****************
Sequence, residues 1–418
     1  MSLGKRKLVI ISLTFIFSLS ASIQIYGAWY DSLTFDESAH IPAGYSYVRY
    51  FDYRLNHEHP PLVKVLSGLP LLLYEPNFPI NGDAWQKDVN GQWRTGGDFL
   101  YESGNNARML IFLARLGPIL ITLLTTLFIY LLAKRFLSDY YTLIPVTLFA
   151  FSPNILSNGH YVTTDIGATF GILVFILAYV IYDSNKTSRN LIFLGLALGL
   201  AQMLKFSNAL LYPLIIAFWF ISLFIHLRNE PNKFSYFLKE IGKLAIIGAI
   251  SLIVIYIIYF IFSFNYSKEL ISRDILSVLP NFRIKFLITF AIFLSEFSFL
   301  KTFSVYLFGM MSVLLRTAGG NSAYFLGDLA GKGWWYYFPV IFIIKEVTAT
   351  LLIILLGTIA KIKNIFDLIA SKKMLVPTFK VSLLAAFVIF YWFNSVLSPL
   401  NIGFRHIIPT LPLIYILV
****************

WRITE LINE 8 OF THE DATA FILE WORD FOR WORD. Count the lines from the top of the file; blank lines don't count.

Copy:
   301  KTFSVYLFGM MSVLLRTAGG NSAYFLGDLA GKGWWYYFPV IFIIKEVTAT